Note: This blog draws in part on my experiences and observations interviewing political figures, writers, and analysts for "The Campbell Conversations" on WRVO. To hear past interviews I refer to in these posts, please go to the show's website. The views expressed here are solely my own, and do not represent Syracuse University, the Campbell Institute, or the WRVO Stations.

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Tuesday, November 30, 2010

Fatal Extraction

(Apologies to Mark Rom for the post title)

After reading James Mulder's account today of the trail of negligently poor treatment left by a Manlius dentist, I was stunned to also read that she had been fined a whole thousand dollars and suspended from practice......until she completes a "retraining."  Are you kidding me?  A thousand dollars is less than one root canal.  And one wonders what it would take for a permanent suspension.

I want to connect this to two broader problems.  The first was suggested by a recent New York University study of regulation in the State, which concluded that the problem with regulations here is not simply that there are too many of them, but that they are not well crafted, and in particular do not consider appropriate cost/benefit analyses.  Based on the article, it's hard to imagine in this case that the benefit to the local community of having one additional dentist practicing would outweigh the cost of having this particular dentist practicing.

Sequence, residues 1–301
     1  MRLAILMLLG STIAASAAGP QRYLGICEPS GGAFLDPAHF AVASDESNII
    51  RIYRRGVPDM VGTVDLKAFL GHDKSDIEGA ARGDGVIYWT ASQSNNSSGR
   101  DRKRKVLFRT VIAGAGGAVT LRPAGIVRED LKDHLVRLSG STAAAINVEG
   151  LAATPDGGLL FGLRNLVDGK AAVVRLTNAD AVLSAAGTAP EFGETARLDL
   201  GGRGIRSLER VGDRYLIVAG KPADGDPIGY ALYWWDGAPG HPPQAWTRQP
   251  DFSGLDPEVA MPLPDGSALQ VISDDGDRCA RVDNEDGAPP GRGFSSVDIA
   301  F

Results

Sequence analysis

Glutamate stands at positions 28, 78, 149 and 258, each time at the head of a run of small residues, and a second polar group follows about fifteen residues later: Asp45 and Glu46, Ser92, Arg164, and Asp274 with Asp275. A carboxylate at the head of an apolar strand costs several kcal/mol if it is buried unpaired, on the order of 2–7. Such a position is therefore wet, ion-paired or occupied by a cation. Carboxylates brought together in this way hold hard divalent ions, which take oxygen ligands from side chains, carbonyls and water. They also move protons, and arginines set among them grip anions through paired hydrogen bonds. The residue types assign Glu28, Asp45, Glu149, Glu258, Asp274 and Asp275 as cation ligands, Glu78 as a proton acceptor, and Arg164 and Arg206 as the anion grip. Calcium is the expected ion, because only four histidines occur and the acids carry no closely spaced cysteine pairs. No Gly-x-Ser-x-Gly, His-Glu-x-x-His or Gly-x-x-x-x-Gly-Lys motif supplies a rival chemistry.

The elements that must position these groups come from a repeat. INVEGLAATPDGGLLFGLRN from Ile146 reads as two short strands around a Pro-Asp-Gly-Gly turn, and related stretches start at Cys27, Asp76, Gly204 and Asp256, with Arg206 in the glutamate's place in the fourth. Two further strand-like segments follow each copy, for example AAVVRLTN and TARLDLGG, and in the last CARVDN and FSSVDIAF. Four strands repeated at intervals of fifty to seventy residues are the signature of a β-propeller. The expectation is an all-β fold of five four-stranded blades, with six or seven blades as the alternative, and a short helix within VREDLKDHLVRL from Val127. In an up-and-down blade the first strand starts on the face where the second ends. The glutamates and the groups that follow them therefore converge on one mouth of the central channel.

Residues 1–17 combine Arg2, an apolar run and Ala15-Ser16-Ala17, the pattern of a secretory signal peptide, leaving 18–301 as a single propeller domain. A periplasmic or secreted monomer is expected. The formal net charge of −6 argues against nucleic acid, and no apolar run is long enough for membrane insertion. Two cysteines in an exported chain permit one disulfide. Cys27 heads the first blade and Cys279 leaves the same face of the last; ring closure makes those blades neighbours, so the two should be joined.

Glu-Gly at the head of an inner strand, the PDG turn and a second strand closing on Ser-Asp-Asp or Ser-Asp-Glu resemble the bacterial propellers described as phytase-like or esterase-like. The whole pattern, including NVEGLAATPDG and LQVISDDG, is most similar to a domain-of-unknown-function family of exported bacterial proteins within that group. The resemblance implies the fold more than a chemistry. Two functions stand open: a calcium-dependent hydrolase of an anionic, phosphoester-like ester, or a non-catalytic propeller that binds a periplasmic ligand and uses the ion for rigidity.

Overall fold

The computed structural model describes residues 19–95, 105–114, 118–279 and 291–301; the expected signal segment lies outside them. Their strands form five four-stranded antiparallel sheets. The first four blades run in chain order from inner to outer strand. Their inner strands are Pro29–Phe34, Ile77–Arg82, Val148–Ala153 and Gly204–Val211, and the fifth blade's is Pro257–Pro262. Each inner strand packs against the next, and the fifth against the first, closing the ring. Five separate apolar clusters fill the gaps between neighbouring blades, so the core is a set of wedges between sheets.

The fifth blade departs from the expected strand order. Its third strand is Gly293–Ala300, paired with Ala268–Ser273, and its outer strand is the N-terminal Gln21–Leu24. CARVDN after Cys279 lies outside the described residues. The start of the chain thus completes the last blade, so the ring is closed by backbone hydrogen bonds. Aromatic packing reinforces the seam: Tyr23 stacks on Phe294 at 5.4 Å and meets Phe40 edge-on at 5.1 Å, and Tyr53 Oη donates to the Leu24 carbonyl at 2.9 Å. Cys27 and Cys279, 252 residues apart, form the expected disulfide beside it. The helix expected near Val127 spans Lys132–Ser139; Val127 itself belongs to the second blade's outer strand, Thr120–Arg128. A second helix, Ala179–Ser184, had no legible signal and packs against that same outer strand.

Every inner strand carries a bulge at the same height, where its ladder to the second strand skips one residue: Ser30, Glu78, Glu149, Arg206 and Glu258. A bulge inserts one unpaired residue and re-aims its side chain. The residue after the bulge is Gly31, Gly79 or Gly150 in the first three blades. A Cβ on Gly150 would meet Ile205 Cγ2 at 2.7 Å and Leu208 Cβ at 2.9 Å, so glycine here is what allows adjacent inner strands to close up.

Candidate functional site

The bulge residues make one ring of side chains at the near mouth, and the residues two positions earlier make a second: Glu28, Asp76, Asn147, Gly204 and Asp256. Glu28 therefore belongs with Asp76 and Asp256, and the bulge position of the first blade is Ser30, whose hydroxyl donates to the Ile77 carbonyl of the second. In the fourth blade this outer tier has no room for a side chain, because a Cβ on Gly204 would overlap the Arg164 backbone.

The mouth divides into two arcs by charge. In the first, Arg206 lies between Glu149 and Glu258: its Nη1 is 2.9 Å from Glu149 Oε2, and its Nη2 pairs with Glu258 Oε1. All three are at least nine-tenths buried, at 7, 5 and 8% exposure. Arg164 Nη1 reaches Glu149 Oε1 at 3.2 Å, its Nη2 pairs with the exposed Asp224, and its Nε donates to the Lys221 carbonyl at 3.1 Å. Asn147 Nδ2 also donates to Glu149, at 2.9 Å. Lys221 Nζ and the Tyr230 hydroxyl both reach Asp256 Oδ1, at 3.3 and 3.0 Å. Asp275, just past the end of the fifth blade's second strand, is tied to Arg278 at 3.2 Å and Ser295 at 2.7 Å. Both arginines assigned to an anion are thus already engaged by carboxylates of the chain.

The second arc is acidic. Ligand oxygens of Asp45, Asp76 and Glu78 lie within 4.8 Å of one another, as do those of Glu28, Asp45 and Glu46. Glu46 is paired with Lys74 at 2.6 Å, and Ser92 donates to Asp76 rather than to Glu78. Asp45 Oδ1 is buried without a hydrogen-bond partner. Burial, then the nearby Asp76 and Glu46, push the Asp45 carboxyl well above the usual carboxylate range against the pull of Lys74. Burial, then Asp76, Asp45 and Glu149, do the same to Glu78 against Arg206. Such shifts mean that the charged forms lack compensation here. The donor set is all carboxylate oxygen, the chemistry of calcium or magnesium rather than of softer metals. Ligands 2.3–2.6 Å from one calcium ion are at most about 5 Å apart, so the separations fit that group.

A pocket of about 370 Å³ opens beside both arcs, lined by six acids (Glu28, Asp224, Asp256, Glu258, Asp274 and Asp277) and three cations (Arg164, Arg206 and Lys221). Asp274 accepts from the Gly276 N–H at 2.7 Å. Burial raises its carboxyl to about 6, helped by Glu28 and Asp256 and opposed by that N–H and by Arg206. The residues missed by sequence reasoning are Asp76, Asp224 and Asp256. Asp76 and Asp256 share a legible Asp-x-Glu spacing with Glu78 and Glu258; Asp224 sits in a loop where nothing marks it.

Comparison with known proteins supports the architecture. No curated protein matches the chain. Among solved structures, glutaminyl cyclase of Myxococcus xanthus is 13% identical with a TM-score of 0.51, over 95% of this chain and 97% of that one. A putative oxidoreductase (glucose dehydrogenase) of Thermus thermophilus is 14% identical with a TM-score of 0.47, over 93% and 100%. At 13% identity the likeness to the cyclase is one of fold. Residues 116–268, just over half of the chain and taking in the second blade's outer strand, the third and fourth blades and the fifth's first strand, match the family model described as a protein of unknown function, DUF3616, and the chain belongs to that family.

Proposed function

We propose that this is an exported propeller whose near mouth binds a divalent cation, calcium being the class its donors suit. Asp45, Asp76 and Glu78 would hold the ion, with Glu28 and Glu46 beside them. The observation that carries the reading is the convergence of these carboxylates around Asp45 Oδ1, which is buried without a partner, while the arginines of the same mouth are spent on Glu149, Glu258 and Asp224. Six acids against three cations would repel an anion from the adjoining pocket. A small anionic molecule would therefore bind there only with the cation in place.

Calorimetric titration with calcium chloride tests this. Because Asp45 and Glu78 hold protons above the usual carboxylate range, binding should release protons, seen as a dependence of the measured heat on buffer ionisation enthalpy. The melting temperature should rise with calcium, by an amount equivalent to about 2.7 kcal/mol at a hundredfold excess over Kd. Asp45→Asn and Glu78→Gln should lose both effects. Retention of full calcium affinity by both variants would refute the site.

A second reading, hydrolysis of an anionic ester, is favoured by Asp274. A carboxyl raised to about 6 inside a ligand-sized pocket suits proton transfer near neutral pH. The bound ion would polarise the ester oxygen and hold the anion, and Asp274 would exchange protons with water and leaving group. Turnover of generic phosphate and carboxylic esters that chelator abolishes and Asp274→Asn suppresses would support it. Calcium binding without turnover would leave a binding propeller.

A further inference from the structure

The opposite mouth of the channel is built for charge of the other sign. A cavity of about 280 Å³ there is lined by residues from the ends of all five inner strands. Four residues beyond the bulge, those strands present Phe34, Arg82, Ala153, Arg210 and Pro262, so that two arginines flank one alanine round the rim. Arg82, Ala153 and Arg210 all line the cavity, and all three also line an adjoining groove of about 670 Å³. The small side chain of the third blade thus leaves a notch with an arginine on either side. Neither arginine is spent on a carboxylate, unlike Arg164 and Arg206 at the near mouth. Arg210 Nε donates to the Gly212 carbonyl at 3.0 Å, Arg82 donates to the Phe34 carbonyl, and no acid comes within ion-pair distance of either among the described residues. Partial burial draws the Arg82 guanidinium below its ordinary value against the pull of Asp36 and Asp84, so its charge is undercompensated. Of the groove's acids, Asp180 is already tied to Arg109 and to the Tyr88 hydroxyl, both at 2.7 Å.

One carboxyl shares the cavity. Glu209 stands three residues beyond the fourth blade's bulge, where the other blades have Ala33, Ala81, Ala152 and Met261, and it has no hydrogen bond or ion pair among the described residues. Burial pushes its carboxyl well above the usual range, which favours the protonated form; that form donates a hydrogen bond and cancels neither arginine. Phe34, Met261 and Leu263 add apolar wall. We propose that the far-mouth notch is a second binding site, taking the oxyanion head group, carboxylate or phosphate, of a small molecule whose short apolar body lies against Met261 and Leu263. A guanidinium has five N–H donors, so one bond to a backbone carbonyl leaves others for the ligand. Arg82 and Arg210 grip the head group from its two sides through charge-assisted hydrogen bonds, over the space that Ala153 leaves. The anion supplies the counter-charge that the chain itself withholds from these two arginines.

Second, to the degree that these regulations from the State Board of Dentistry reflect the influence of the profession--that they are, despite occurring under the umbrella of the state, in effect internal policing--it illustrates a general problem with the way in which and the degree to which the medical professions monitor themselves.  Part of the unwritten social contract for the sky-high salaries many medical practitioners receive is that in return the quality of care we get will be consistent, and high.  We have expensive health care, but we have excellent health care, so the story goes.  A growing body of research on health care shows that this is often not the case.  Here's one small but jaw-breaking example of that.


Anonymous said...

To whom is the state board of dentistry answerable, if anyone? Are there opportunities for concerned citizens to work with legislators or the governor to amend these regulatory practices?

Grant Reeher said...

Excellent questions. It's part of the Office of Professions, which is in turn part of the Education Department--and therefore public accountability comes in via the Regents Board, which oversees the department. Public accountability also takes place indirectly through the governor's office and the Legislature. So a concerned citizen could try to contact the Regents, or his or her political representatives to get involved or urge a particular action. But at the "point of service" so to speak, there is a strong presumption in favor of self-policing (fellow practitioners keep tabs on practitioners), and I do not believe that this practice has always served us well. A great book that traces out the history and the politics related to this is Paul Starr's The Social Transformation of American Medicine.

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